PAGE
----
20 August 2010 | 23:11 GMT
Almost a third of adults in the UK have raided their savings over the past year to cover shortfalls in their income, according to new research. The survey, by investment firm Schroders, estimates that savers have taken out a total of £60bn. They have withdrawn an average of £4,600 each. With interest rates at a 300-year low and the better saving deals pulled from the market, there seems to be more incentive to spend rather than save. Dan Brett and his family from Bristol have been conscientious about putting away money for the future. But now Dan, a father of four, is cashing in some of their savings. “We have the money in the building society and it just hasn’t been making us much interest,” he says. “We always need extra cash for stuff around the house and for the children – we thought this could be the rainy day we’ve been waiting for.”
The amount of money banking customers have been depositing overall has been steadily increasing over the past two years.But in the last three months there has been a marked slowdown in the growth of personal deposits in both savings and current accounts, according to the British Bankers’ Association. The Schroders survey suggests that more women than men were forced to draw upon their savings, with 34% of women tapping into their capital reserves compared to 28% of men. Those retired or approaching retirement were most likely to have dipped into their reserves to make up a shortfall in income. “The amount of capital being drawn down suggests that it is not just rainy-day funds that are being drained, but a significant proportion of individuals’ long-term savings,” says Robin Stoakley of Schroders. ”This is particularly an issue for those nearing or in retirement as they have less opportunity to rebuild their savings and declining annuity income proves insufficient to cover their day to day expenditure,” he adds.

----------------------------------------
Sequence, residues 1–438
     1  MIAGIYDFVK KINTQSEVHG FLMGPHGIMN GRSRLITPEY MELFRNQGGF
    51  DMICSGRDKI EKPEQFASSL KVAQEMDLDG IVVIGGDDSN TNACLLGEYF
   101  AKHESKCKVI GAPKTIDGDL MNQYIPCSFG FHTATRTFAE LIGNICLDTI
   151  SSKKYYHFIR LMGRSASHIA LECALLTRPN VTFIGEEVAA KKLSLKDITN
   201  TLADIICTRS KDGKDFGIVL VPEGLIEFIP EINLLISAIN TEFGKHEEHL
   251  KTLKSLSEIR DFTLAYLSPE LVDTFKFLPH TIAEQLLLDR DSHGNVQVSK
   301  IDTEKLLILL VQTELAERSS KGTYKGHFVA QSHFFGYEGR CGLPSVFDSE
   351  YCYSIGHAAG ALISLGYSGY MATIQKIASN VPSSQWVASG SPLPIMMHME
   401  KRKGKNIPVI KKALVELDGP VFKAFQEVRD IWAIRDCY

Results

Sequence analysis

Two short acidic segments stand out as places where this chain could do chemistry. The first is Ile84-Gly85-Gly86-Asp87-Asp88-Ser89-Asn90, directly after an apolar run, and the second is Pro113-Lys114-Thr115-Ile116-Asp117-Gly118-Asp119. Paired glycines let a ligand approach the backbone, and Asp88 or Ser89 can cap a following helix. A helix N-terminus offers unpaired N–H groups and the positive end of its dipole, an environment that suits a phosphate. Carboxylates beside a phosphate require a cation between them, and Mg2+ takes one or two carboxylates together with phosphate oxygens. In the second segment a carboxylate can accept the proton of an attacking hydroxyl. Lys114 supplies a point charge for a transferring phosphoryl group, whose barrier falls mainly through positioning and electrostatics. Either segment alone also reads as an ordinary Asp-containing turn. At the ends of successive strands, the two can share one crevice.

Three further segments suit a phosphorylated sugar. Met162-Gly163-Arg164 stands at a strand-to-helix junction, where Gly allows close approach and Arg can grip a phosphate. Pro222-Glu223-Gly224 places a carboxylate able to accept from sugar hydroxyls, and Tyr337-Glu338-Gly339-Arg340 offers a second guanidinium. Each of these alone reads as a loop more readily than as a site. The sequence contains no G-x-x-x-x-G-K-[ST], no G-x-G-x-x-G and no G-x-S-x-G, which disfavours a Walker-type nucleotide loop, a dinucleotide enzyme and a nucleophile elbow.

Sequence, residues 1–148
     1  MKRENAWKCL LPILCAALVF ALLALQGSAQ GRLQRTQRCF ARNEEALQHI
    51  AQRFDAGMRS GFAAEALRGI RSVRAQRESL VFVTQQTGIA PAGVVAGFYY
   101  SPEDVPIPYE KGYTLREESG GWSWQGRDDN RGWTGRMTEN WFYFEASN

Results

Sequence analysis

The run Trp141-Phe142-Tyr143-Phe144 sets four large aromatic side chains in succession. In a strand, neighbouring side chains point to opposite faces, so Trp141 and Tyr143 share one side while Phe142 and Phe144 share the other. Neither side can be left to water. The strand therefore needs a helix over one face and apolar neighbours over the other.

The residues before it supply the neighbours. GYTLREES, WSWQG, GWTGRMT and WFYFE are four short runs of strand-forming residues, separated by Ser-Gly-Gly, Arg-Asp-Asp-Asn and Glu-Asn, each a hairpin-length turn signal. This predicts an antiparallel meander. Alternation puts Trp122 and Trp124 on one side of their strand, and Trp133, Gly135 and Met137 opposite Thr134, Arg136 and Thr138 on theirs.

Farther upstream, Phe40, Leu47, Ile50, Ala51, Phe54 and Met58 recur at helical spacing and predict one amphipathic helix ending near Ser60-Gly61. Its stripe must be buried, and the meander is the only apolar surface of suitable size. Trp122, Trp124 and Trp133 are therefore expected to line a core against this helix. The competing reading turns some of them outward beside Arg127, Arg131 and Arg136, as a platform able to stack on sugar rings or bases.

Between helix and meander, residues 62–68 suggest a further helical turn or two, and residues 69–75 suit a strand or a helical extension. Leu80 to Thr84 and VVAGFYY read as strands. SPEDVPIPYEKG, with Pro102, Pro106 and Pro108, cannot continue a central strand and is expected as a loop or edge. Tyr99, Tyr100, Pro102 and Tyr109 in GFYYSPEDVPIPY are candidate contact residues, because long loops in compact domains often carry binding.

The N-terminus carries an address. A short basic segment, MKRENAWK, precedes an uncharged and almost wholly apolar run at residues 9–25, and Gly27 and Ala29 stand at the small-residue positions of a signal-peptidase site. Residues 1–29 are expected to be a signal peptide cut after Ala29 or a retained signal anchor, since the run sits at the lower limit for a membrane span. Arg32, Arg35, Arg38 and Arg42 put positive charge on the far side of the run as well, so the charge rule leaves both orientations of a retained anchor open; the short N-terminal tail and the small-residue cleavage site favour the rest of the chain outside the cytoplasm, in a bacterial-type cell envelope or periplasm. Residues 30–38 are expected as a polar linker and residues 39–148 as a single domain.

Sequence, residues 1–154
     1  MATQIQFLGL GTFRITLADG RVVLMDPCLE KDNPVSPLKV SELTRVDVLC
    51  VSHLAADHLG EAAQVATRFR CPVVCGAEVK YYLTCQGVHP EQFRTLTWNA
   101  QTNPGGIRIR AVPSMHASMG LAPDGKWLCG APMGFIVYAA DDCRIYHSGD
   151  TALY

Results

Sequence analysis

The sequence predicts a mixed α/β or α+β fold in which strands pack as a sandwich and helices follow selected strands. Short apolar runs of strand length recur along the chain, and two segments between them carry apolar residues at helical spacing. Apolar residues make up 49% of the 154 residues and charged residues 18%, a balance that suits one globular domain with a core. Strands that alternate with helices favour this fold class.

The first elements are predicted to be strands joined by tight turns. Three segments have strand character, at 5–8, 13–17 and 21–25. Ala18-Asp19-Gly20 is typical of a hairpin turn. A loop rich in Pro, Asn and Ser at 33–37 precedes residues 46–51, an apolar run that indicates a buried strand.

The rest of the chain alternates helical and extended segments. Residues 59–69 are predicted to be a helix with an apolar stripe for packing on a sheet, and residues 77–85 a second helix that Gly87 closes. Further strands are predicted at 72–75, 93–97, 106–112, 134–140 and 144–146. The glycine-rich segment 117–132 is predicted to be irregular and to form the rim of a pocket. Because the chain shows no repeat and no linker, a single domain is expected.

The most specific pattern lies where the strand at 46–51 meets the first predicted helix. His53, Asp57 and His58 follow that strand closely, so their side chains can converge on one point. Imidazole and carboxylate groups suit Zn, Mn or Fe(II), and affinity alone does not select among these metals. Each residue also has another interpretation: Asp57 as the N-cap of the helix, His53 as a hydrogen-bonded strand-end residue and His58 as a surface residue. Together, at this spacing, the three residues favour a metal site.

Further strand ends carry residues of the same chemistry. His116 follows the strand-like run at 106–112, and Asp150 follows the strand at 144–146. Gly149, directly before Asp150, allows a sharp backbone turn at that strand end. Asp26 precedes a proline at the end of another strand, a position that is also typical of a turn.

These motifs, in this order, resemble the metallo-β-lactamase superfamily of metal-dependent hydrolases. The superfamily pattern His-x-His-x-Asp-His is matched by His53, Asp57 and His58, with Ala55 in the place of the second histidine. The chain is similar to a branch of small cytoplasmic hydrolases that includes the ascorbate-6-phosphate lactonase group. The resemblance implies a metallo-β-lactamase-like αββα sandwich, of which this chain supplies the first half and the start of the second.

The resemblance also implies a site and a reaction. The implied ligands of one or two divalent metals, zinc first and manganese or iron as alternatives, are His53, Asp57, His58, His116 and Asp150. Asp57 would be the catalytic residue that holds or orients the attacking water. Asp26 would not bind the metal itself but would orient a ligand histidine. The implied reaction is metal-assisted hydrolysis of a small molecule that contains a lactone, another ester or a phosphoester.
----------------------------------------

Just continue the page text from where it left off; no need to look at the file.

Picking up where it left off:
Investment advisors say times are tough for those who rely on savings for their income, but stress there are still some attractive offers available. Some are from foreign banks which have been trying to attract customers in the UK. “They are paying a bit more interest because they want to build up assets and they want to gather more market share,” says Christine Ross, head of financial planning at S G Hambros. “Check that they have a UK banking licence and they are covered by the compensation scheme,” she warns. Christine points to the continued attraction of putting money away in ISAs (individual savings accounts). “They have no minimum holding period and although the headline rate might be slightly lower, because it’s tax free and if you are a taxpayer then overall your return is going to be better,” she says.
Many economy watchers predict that the Bank of England base rate is likely to remain low throughout next year as well, which will means good deals for savers will be few and far between. “I can’t see interest rates increasing in the short to medium term,” says Mark Dampier, head of research at Hargreaves Lansdown. “It certainly means there is less incentive to save even though it’s very important for individuals to have a certain amount put away as a safety net,” he adds. In Guildford the Reverend John Strain helped set up the pressure group Save our Savers. “It’s been our failure to save over a generation now that got us into this mess and we need much more emphasis to encourage saving,” he says. “More needs to be done to encourage people to save, its good for economy long term and good for individuals too,” he adds.